University of Cambridge > Talks.cam > Centre for Atmospheric Science seminars, Chemistry Dept. > Are strong volcanic eruptions important for decadal climate predictions? A historical perspective based on MPI-ESM ensemble simulations

Are strong volcanic eruptions important for decadal climate predictions? A historical perspective based on MPI-ESM ensemble simulations

Add to your list(s) Download to your calendar using vCal

If you have a question about this talk, please contact Dr Amanda Maycock.

Numerical climate simulations suggest that strong tropical volcanic eruptions have the potential to induce dynamical responses in the coupled ocean-atmosphere system on decadal and even longer time scales. In this talk I will illustrate different aspects of post-eruption decadal climate evolution in several historical, paleo and idealized climate simulations performed with the Max-Planck-Institute Earth system model. In particular, I will show how background climate conditions can modulate the strength of the feedbacks initiated by the imposed volcanic forcing and activate different decadal response mechanisms. I will discuss how uncertainties on both forcing and background conditions complicate the assessment of simulated decadal climate responses to strong tropical volcanic eruptions and, consequently, the predictability of decadal climate evolutions after major volcanic events. I will conclude my talk with a brief overview on ongoing and planned modeling activities within the “Model Intercomparison Project on the climatic response to Volcanic forcing”, showing how they will help to identify the causes that limit robust post-eruption simulated behavior across state-of-the-art coupled climate models.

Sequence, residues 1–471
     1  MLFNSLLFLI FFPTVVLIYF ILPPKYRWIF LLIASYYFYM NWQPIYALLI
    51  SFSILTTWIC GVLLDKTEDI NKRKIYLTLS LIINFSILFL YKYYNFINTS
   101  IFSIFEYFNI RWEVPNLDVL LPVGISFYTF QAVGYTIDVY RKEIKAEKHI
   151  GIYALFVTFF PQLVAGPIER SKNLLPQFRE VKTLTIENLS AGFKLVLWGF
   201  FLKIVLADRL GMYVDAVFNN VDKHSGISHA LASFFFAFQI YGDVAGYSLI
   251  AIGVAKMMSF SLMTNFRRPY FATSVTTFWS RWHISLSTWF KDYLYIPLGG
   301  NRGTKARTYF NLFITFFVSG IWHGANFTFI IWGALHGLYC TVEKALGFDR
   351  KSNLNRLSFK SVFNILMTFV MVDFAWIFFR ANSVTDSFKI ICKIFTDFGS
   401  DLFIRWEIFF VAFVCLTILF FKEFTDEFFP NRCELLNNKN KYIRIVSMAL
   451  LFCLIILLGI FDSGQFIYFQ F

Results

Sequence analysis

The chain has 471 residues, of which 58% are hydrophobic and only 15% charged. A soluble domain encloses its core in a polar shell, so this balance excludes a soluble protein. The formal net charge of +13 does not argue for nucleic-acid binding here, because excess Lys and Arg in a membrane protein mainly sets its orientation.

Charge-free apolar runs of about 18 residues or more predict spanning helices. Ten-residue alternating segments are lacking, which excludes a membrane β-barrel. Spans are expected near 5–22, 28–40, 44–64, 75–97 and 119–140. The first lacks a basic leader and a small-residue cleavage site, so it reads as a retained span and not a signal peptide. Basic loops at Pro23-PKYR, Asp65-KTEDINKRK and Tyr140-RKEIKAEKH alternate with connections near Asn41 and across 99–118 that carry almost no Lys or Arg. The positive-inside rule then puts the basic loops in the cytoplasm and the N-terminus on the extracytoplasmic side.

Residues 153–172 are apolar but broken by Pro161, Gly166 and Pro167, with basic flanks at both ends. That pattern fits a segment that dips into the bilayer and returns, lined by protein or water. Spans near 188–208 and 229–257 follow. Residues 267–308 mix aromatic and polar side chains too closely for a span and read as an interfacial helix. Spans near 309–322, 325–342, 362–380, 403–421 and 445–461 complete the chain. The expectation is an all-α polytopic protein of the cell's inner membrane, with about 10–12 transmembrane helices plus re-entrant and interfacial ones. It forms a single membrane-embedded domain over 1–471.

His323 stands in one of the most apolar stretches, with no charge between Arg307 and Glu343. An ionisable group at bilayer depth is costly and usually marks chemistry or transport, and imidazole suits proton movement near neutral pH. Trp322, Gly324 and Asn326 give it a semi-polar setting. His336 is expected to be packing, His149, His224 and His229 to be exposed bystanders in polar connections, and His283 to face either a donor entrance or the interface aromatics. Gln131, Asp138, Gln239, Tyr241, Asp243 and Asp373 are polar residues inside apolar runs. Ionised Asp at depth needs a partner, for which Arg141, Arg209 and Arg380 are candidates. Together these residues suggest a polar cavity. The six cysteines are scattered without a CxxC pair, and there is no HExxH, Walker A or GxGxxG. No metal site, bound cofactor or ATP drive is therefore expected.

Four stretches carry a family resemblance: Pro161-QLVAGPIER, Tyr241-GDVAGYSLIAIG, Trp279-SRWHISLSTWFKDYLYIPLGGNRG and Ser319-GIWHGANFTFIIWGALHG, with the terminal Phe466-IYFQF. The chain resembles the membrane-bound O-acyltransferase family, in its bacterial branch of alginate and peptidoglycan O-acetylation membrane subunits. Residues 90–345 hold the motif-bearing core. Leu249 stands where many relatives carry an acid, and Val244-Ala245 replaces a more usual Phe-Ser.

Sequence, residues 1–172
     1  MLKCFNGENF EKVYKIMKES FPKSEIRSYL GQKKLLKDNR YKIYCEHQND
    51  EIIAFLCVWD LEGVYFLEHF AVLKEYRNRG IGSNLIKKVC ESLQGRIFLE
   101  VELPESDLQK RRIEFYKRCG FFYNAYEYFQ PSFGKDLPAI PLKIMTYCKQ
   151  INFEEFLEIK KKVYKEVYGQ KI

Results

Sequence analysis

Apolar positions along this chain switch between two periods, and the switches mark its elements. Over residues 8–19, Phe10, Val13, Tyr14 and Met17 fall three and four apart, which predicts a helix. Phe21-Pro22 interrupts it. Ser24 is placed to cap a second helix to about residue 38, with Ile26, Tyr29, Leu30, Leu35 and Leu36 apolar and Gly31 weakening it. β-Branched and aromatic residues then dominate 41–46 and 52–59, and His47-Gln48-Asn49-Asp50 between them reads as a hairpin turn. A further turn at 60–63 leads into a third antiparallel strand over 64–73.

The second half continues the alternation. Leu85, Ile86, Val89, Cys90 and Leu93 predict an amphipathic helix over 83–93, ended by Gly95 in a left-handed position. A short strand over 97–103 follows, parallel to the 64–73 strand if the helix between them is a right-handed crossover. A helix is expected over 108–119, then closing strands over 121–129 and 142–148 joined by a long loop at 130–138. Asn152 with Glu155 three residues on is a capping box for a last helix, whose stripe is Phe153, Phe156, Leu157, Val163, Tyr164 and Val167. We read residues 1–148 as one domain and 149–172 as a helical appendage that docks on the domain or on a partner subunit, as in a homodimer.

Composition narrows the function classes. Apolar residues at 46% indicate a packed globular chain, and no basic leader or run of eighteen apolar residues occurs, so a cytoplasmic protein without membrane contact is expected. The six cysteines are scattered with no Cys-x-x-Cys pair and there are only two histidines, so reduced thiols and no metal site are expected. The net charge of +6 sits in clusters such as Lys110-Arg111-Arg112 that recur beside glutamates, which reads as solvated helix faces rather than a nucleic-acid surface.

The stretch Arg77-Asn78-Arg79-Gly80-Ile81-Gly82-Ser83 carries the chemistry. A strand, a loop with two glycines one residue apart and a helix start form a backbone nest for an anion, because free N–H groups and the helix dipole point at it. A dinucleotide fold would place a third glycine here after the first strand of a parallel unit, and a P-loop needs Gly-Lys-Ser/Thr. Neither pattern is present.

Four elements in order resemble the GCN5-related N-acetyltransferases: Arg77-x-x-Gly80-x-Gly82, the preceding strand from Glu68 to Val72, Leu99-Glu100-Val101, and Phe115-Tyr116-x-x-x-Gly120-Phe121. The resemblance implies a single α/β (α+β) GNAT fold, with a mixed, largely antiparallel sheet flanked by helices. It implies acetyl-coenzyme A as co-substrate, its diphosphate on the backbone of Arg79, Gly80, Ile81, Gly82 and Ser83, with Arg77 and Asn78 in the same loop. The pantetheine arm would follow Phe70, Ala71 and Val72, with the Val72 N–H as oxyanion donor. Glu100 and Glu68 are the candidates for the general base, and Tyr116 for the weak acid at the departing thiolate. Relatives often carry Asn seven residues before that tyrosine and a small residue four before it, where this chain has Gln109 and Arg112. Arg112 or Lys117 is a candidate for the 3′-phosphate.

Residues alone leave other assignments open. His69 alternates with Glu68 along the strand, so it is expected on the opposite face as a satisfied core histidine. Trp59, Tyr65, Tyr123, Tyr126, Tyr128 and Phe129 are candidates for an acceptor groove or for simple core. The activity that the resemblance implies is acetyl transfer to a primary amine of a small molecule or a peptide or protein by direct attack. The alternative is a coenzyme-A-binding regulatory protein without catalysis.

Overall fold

This talk is part of the Centre for Atmospheric Science seminars, Chemistry Dept. series.

Tell a friend about this talk:

This talk is included in these lists:

Note that ex-directory lists are not shown.

 

© 2006-2021 Talks.cam, University of Cambridge. Contact Us | Help and Documentation | Privacy and Publicity